Visualizing the Resilience of Immigrant Women in Denver, Colorado During the COVID-19 Pandemic

Alani Estrella

Name: Alaní M. Estrella
School: Vagelos College of Physicians and Surgeons, Class of 2023. Varmus Global Scholar 2020
Mentor: Silvia Cunto-Amesty, MD, MPH, MSEd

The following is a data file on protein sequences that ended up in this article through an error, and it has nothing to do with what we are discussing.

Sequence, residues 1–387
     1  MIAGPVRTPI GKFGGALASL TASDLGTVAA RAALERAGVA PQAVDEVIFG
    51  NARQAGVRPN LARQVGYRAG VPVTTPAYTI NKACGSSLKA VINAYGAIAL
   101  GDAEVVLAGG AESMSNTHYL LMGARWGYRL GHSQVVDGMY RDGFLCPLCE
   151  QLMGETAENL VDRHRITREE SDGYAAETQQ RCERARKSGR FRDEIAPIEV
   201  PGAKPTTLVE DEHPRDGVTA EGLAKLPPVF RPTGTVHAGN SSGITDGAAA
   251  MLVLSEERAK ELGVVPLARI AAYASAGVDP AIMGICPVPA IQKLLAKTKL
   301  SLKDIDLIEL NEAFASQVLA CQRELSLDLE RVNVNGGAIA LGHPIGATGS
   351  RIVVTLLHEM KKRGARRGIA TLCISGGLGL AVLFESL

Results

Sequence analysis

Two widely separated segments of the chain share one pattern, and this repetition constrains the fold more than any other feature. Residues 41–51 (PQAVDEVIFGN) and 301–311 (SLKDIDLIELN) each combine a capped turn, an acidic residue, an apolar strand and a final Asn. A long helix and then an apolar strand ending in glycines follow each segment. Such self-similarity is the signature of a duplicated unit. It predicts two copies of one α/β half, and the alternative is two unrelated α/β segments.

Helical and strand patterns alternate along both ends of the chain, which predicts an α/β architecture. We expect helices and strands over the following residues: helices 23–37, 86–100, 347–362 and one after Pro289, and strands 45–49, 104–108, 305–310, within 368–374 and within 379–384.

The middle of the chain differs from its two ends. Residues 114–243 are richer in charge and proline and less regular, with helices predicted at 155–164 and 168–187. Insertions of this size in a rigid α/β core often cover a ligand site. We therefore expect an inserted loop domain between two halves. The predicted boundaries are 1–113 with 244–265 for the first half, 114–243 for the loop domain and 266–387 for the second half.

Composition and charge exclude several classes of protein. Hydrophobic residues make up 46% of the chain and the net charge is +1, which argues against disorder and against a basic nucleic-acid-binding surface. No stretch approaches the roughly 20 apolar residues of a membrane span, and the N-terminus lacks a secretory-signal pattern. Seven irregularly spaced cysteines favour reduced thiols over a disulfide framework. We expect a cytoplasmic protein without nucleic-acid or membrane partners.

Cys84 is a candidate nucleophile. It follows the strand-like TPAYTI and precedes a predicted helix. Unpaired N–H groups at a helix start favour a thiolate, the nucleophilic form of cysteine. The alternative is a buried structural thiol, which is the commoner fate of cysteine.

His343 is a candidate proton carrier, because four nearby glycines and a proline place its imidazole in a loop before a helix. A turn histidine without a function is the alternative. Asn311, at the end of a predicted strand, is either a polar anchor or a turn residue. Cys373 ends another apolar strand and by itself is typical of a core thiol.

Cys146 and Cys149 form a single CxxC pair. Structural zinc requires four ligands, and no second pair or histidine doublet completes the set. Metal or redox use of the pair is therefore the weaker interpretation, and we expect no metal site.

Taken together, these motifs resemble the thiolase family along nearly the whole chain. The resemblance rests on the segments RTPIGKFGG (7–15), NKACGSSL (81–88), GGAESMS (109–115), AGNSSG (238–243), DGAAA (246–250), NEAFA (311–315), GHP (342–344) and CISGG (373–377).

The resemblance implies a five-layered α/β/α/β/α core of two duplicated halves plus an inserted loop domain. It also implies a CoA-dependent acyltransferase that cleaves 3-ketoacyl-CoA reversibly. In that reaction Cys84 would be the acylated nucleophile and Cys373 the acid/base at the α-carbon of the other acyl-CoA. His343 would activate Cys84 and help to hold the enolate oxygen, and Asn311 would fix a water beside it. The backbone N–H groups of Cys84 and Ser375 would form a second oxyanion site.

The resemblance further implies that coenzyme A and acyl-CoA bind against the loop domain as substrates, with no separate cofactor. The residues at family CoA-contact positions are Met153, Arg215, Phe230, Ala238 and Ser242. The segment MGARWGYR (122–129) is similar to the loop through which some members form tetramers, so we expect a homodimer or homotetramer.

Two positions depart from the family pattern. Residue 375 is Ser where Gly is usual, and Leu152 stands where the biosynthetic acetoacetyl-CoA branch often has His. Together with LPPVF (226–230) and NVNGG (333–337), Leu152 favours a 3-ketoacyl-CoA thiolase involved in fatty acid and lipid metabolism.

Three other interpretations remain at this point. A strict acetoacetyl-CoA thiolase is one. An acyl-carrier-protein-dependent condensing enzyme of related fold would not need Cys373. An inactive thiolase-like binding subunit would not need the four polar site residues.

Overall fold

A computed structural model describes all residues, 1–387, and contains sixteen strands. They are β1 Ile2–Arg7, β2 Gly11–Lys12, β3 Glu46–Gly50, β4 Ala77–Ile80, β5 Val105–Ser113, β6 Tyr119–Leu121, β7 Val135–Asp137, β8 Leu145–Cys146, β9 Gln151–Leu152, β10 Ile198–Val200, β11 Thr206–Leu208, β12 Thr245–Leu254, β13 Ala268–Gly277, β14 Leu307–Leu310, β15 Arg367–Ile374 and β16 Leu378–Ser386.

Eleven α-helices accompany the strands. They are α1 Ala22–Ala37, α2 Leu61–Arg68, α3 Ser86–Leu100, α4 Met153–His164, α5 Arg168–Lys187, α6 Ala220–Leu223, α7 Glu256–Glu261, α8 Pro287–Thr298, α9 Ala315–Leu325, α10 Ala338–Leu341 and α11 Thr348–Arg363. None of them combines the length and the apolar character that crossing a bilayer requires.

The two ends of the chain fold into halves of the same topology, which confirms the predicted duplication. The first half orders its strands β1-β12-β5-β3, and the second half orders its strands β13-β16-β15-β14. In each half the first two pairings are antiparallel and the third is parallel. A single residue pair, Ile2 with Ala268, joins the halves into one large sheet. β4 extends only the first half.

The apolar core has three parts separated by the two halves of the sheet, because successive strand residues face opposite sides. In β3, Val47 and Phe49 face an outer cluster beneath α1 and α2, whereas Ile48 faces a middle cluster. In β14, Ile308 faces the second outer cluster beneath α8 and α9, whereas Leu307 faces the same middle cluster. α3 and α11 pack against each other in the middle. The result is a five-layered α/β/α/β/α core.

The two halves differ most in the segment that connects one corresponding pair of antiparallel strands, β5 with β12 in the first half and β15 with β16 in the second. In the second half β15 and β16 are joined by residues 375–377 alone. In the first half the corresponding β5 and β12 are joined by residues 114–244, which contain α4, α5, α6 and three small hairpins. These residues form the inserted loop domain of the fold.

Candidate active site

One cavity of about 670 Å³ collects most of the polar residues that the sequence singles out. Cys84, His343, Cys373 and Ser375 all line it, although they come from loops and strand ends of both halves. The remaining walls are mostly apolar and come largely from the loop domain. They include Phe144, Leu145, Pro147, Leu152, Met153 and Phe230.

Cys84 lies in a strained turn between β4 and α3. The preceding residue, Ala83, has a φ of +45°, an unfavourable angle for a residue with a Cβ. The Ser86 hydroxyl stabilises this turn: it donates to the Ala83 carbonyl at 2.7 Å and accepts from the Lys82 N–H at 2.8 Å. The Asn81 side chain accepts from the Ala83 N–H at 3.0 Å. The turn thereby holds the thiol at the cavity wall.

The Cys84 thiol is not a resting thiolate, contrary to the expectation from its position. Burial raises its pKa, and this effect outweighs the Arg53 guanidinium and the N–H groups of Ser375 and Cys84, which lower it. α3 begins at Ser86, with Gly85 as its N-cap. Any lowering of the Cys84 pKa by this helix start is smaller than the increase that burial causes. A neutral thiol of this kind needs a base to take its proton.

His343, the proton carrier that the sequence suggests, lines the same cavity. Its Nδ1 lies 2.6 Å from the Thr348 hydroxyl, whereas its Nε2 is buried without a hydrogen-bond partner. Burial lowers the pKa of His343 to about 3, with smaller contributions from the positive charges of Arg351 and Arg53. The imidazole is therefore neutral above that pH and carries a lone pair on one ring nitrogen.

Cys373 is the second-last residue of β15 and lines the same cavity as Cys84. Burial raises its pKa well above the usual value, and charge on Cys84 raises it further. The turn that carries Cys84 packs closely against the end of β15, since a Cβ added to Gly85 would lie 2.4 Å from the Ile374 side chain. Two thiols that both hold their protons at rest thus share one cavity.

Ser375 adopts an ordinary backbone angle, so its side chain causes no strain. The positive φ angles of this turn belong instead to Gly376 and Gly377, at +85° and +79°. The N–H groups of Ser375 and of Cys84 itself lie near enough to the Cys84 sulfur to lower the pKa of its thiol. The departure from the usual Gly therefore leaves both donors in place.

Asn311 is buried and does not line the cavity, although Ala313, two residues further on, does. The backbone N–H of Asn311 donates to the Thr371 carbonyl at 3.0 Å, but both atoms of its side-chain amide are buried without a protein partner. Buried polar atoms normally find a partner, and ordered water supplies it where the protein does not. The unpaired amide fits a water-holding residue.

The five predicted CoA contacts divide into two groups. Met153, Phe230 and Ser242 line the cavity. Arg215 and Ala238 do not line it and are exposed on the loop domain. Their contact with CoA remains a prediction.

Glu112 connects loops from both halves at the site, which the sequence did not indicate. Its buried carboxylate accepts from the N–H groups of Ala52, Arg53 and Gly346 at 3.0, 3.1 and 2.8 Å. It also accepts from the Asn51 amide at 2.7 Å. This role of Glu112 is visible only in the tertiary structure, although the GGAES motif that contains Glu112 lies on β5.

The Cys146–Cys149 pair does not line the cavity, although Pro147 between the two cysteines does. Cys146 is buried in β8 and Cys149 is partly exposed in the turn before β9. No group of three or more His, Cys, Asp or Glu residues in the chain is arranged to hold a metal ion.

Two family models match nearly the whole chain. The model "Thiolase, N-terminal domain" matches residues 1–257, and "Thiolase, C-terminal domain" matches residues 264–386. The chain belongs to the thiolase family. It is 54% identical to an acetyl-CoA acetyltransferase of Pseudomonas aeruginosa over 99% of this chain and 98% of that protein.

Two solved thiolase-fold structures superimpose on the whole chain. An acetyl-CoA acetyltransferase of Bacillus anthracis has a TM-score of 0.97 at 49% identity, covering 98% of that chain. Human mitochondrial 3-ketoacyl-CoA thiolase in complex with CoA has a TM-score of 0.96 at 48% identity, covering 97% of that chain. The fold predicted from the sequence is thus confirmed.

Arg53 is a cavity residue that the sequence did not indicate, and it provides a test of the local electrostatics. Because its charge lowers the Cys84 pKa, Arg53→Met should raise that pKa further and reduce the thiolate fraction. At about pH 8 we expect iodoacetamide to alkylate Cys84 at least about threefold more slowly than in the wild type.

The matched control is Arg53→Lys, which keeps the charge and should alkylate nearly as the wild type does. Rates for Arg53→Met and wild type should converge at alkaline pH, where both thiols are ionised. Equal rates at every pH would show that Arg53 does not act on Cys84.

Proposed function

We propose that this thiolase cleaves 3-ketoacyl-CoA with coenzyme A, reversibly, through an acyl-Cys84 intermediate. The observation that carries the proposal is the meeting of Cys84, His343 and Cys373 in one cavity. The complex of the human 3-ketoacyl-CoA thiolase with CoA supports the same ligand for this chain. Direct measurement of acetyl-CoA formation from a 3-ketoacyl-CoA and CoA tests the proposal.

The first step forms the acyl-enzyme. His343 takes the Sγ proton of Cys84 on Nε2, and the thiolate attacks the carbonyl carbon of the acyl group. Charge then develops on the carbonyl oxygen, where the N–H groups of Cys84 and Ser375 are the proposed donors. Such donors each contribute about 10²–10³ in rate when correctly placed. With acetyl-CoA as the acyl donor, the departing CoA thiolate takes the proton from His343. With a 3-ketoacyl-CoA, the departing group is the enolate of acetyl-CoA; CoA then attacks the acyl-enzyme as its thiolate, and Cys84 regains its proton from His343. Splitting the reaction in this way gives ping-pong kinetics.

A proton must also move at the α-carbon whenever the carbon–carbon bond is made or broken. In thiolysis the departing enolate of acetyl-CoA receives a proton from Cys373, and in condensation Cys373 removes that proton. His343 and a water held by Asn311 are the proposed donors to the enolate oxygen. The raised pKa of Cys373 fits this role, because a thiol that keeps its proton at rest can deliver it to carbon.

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According to the Census Bureau, there were more than half a million immigrants in Colorado comprising 10% of the population as of 2018. Immigrants make up 12% of the labor force in jobs with higher risk of exposure to COVID-19 and are 4 times as likely to contract the disease. The community-based organization (CBO) ViVe Wellness works with the immigrant community in Denver to improve health through wellness programming. We aimed to learn more about the experiences and needs of immigrant women in Denver, Colorado during the COVID-19 pandemic through the community-based needs assessment Photovoice. With the help of ViVe, we recruited 6 immigrant adult women and 9 immigrant or first-generation adolescent girls to participate in this study. We used Photovoice methodology to train participants in ethical photography and to conduct group interviews. The SHOWed method was used to analyze the transcripts for common themes. Through group discussions of participants’ photographs, adults identified family, environment, safety, education, work, information, technology, fear, diet, mental health, and ViVe as important themes during the pandemic. Adolescents identified connection, time, family, environment, technology, resources, safety, space, restrictions, school, and ViVe as important themes. While the groups differed in their perceived difficulties during the COVID-19 pandemic, both identified common themes important to their resilience. Interestingly, ViVe’s engagement with the community seems to be a protective factor. Further studies on the impact of the pandemic on immigrant communities and the benefits of ViVe’s model of community engagement are needed.